God, that hadn’t been an issue before he’d started yelling at her for it. Yeah, she’d obviously overstepped before and would again, but he’d been such a dick about it that he’d apparently spooked her. “Liv,” he said, feeling a bit more awake now. “Everything’s okay.”
He nodded, on frustratingly familiar, uneven ground. “My kitchen wasn’t flooded, was it?”
She frowned at him in the dim light. “What?”
Noah shook his head, now the one feeling silly. “No, sorry, just a weird dream,” he said. “Thanks for dinner.”
“Want me to put it in the fridge?”
“Nah, I’ll eat it now.”
He got up and picked up a shirt he’d left beside the bed the other day. “How were things at the shop after I left?” he asked as he pulled it on and started toward the kitchen.
“Fine,” Liv said. “I was looking at our options and I’m not sure it’s worth working with other vendors at the moment for things that aren’t available through Rivera Supply. There were some things I was considering, but it would add a lot more work right now.”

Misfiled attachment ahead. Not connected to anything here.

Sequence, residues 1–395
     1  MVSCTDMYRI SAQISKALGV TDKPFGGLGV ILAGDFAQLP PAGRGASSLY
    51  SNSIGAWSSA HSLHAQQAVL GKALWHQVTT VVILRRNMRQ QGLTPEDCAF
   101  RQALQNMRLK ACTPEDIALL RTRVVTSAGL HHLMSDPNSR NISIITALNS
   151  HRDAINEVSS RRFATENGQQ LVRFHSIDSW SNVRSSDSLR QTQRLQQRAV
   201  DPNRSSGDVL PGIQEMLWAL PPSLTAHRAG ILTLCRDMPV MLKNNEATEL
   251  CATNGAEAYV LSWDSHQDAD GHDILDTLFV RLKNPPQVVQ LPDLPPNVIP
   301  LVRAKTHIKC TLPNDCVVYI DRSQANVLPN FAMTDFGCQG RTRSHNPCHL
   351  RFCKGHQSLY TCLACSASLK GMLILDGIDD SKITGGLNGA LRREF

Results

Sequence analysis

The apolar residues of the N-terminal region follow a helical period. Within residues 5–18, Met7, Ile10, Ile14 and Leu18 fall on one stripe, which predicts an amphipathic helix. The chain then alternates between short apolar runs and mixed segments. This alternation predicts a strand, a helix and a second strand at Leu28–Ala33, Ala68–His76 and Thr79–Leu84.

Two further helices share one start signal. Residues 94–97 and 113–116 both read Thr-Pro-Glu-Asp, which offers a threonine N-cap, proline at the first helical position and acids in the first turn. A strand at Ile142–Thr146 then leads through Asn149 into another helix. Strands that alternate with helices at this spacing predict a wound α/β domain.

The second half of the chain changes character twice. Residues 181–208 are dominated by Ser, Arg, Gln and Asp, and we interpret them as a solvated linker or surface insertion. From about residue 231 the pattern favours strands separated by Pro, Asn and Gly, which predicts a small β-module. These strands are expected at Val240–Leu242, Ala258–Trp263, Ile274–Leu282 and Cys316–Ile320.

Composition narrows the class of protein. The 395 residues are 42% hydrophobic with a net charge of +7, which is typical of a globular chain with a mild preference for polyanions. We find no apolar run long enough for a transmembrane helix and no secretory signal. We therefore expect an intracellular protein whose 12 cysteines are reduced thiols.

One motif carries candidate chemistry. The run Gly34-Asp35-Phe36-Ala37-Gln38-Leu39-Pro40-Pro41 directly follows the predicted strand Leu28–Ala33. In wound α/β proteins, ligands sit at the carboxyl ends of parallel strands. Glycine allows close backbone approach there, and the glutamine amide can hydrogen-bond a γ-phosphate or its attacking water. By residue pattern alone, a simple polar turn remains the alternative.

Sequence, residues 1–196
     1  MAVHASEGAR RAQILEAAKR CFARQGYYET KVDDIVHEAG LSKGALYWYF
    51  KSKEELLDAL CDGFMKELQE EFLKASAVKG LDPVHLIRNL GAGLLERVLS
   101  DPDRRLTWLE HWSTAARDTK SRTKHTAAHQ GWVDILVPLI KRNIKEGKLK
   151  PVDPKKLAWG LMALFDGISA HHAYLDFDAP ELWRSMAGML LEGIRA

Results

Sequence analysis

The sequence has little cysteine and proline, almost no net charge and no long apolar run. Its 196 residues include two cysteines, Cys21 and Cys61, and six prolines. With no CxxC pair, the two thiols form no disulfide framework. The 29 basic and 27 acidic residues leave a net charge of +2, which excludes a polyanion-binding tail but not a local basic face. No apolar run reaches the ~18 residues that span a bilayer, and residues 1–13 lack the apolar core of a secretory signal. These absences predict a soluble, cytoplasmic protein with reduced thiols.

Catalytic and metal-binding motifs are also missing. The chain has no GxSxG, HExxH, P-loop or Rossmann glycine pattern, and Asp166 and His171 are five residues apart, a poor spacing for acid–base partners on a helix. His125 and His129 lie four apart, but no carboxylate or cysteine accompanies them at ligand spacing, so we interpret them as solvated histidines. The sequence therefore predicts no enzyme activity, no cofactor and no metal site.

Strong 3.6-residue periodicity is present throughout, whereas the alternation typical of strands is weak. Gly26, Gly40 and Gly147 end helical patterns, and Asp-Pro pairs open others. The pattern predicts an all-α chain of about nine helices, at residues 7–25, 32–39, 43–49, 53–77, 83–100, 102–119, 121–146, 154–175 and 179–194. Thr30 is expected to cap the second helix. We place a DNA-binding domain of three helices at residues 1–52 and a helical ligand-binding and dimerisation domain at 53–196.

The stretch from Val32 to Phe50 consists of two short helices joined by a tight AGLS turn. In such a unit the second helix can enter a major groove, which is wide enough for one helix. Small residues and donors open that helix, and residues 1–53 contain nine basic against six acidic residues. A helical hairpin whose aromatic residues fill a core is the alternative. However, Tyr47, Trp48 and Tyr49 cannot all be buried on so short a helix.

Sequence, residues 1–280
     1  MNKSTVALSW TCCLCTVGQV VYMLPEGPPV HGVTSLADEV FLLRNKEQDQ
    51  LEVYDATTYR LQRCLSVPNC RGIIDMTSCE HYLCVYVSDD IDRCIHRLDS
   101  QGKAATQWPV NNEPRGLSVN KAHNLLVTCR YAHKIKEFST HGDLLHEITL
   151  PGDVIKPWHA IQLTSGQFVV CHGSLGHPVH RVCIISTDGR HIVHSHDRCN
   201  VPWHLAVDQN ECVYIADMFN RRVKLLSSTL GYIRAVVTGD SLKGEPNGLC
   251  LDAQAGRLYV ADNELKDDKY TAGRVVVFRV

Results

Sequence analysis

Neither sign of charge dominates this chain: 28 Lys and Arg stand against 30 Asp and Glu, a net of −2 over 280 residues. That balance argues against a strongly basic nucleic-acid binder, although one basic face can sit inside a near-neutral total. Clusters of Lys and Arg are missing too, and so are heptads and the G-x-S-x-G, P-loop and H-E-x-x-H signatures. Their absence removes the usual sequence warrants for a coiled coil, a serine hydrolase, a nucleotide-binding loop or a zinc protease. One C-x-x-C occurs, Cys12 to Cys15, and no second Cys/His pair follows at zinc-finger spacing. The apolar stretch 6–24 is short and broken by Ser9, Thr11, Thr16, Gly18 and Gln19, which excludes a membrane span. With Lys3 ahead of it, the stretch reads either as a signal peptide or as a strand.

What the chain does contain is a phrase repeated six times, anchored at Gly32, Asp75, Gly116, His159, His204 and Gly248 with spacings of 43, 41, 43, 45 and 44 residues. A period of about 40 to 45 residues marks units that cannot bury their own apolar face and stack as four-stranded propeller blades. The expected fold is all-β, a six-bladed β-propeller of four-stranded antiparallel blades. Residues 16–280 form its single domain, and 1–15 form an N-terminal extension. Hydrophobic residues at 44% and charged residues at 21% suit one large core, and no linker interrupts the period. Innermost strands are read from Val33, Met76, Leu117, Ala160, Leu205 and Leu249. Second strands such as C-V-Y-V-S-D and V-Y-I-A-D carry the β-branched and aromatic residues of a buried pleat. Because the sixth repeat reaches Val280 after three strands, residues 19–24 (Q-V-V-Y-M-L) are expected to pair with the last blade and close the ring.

“Yeah, might as well start out simple.”
Now that his brain was slowly booting back up, Noah remembered what had happened at Town Hall that morning. “Is Andrew okay?” he asked as he picked up the plate of pasta Liv had left on the counter.
“Yeah,” Liv replied. “He said things didn’t go great today. Apparently they went to the archives and he said he’ll be careful. I know it’s all real, trust me, I know. But how exactly is he supposed to protect himself from Baxter short of carrying a weapon everywhere he goes?”
Noah was pretty sure Andrew could take Baxter in a fair fight. The man was a hundred and five years old. But it wasn’t going to be a fair fight if Baxter went through with whatever vague threat he’d made.
“I know a God-knows-how-old curse isn’t going to be fixed quickly,” he said. “But I wish there was some way to speed it up, you know? I want to help, but he keeps saying it’s fine.”
“He does the same with me,” Liv said quietly as Noah cut a meatball in half, sending marinara onto his already-stained counter. “I trust him, but I’m worried. Maybe Baxter’s threats are empty. He’s got too much to lose, he’s not going to murder Andrew.”
Appetite instantly gone, Noah wiped at the spilled sauce, staining the rain-damp cloth in the process.